To the Western news consumer, groups like the Taliban, Al-Qaeda, and ISIS may be confusing. Do they work together? Are they enemies? Do they share the same goals? With the Taliban once again seizing control of Afghanistan and a splinter group of the Islamic State in Iraq and Syria (ISIS) having launched a vicious attack on American troops defending the airport in Kabul, it can be helpful to look at the relationships and differences between the groups to understand the threats that the U.S. and its allies may be facing in the future.
Taliban means student, and it is thought that the group originated in Islamic schools that taught strict Sunni Islam. The group rose to prominence in the 1990s, eventually seizing control of Afghanistan. They imposed fundamentalist Sharia law and implemented measures such as requiring men to grow beards and women to wear burkas, carrying out public executions and amputations on lawbreakers, and denying girls the ability to go to school after age 10. The Taliban entered the U.S. public’s knowledge after the 9/11 terror attacks. The Taliban did not directly take part in planning or carrying out 9/11 but was thought to have harbored members of Al Qaeda, the group that actually was responsible for the attacks.
The group was overthrown by the U.S. military in 2001 but continued to hold remote and rugged territory in the country. While the group is no longer classified as a foreign terrorist organization by the United States, that does not mean it is even close to be innocent of atrocities. For example, the group tried to murder Malala Yousafzai, a 14-year-old Pakistani activist. Yousafzai later wrote about the hardship brought by the Taliban, including the forced closure of girls’ schools.
In 2014, the Taliban was also responsible for the Peshawar school massacre, leaving 141 children and staff dead.
Al-Qaeda, which means foundation, was founded by Osama bin Laden and grew in power and influence up to its perpetration of the attacks on the U.S. on September 11, 2001. Al-Qaeda has splintered over the years as a result of military engagement by the West. While the Taliban has allegedly agreed to stymie terrorist activity against the West in Afghanistan, reports indicate that the Taliban and Al-Qaeda still maintain ties and that Al-Qaeda members have expressed happiness at the Taliban’s takeover of the country.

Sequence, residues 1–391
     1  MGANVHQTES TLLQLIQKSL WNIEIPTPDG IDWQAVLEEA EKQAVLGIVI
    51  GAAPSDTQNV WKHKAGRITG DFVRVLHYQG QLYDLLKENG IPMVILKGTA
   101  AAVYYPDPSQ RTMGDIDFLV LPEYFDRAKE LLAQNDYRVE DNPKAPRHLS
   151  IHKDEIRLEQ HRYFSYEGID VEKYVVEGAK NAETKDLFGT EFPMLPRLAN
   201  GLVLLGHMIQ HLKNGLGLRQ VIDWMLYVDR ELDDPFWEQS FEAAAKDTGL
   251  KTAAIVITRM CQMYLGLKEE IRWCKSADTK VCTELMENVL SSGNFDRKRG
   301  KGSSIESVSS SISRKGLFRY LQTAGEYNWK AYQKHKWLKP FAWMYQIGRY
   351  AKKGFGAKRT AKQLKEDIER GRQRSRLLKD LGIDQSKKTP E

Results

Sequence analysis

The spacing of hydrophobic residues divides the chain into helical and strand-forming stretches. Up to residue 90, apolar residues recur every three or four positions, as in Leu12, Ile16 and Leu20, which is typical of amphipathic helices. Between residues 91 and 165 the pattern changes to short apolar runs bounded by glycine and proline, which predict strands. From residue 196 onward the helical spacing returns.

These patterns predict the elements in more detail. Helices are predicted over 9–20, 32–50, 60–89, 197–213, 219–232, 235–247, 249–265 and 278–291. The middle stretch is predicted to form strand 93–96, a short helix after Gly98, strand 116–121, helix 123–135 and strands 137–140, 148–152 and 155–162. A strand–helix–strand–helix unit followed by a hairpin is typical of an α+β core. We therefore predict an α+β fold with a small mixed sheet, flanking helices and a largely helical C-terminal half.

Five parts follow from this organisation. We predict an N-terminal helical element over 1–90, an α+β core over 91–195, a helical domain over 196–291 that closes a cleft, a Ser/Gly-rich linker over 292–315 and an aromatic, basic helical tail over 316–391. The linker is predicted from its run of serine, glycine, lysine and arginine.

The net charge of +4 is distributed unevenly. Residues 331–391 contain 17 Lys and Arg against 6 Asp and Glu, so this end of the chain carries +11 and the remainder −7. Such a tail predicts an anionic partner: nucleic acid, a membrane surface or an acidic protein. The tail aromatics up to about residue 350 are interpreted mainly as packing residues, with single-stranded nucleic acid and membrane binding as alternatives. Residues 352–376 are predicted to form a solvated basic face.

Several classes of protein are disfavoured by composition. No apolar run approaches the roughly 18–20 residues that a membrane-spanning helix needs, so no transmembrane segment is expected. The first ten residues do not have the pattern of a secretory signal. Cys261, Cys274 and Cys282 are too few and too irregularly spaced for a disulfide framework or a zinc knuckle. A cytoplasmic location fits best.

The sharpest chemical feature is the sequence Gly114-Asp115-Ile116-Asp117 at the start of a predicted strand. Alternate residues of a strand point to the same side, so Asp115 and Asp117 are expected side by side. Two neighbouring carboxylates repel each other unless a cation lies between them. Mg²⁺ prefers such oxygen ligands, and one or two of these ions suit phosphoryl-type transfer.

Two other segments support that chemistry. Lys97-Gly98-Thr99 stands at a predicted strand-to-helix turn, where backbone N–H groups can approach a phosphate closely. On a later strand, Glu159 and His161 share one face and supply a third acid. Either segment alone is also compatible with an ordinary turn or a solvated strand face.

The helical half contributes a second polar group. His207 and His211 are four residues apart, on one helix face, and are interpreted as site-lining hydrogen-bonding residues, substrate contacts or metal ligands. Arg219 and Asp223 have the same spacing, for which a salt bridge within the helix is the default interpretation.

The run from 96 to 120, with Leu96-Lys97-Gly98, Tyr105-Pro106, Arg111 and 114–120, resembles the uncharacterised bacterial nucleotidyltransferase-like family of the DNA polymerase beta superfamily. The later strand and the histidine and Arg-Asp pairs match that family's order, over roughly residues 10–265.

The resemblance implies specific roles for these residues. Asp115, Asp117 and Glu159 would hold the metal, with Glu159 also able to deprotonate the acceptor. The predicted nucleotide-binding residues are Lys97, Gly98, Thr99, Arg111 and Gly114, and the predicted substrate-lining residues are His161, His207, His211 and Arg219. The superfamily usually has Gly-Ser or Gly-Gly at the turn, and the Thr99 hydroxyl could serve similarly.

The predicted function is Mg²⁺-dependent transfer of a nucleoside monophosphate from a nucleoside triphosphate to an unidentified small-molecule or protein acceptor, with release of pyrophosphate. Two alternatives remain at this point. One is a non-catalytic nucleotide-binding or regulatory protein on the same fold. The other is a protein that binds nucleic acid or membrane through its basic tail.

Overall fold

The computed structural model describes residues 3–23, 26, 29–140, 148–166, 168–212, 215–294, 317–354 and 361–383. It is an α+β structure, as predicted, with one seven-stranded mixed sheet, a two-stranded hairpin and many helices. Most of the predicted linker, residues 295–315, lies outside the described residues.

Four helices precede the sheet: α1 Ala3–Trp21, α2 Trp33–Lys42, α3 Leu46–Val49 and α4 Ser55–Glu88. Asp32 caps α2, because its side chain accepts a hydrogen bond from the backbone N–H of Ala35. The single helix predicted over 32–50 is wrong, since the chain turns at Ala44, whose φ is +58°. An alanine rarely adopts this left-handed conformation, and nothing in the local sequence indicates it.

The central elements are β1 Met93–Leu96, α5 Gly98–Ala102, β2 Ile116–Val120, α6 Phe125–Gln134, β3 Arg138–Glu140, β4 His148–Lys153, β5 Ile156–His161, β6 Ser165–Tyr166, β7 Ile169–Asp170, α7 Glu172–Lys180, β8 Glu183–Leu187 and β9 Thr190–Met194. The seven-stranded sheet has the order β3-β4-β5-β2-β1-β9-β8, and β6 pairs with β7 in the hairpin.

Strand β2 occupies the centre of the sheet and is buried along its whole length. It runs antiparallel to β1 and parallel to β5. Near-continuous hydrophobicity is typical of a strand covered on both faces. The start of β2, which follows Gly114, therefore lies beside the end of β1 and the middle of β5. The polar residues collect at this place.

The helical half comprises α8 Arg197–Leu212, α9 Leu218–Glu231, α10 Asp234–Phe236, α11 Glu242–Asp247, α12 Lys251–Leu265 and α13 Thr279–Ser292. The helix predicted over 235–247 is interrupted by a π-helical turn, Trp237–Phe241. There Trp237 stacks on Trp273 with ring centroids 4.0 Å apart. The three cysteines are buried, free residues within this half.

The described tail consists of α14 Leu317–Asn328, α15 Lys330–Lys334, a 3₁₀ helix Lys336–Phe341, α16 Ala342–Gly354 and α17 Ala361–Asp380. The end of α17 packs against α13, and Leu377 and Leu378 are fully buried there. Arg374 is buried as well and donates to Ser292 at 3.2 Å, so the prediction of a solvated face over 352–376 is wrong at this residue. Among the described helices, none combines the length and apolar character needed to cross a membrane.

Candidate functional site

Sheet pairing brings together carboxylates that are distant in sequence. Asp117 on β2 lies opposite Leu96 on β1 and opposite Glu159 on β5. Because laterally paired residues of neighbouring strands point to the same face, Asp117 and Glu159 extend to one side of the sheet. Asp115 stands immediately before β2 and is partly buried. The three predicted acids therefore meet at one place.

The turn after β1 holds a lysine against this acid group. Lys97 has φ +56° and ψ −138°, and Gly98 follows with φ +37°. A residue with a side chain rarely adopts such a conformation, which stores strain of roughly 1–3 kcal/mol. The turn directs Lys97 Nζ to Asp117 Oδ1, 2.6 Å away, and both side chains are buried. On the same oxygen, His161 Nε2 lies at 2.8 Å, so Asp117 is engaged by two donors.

One Al-Qaeda fighter said, “God willing, the success of the Taliban will be also a chance to unify mujahideen movements like al-Qaeda and Daesh.”
The Islamic State of Iraq and Syria — known by several monikers such as ISIS, ISIL, and Daesh — is likely the most extreme and brutal terrorist group of the three. Like the Taliban, the group practices a fundamentalist version of Sunni Islam. It rose to power in 2014-2015 in the wake of the Iraq War, having recruited tens of thousands of jihadist fighters, seizing huge tracts of territory, and establishing a caliphate. Its brutal reputation was solidified when it went out of its way to kidnap and publicly torture and gruesomely kill private citizens, including children, Westerners, and Christians, as well as prisoners of war. Among its many victims were American journalists James Foley and Steven Sotloff and Kayla Mueller, an American aid worker.
The Taliban is no friend of ISIS and was used as an ally at times by the West in order to more effectively combat ISIS. Bruce Hoffman, director of security studies at Georgetown University said, “There was huge concern about it and suddenly there was a desire to find some common ground with the Taliban.”
ISIS lost much of its territory in Iraq and Syria in recent years due to U.S. military action, as well as the assassination of its leader, Abu Bakr al-Baghdadi, by a group of elite U.S. special forces commandos.
However, the terror group has rebounded in part by moving into new areas, most notably Africa and Central Asia. ISIS-K — the K standing for Khorasan province, a region that includes parts of Afghanistan and Pakistan — is an offshoot of ISIS that was founded in 2015 and has become a haven for disaffected jihadists from other terror groups, including the Taliban.
ISIS-K claimed responsibility for the horrific attack on the Kabul Airport that killed 13 U.S. servicemembers and at least 90 Afghans. The Center for Strategic and International Studies (CSIS) reports that the terror group launched 100 attacks against civilians in Afghanistan and Pakistan between 2015 and 2017, including on a girls’ school and a Shiite maternity ward. Moreover, ISIS-K had managed to increase its presence in and around Kabul, and in the first four months of 2021, carried out 77 terror attacks in Afghanistan
Although still relatively small compared to other terror groups, ISIS-K does have global aspirations, a CSIS paper noted, with one stated goal being to “[raise] the banner of al-Uqab above Jerusalem and the White House.”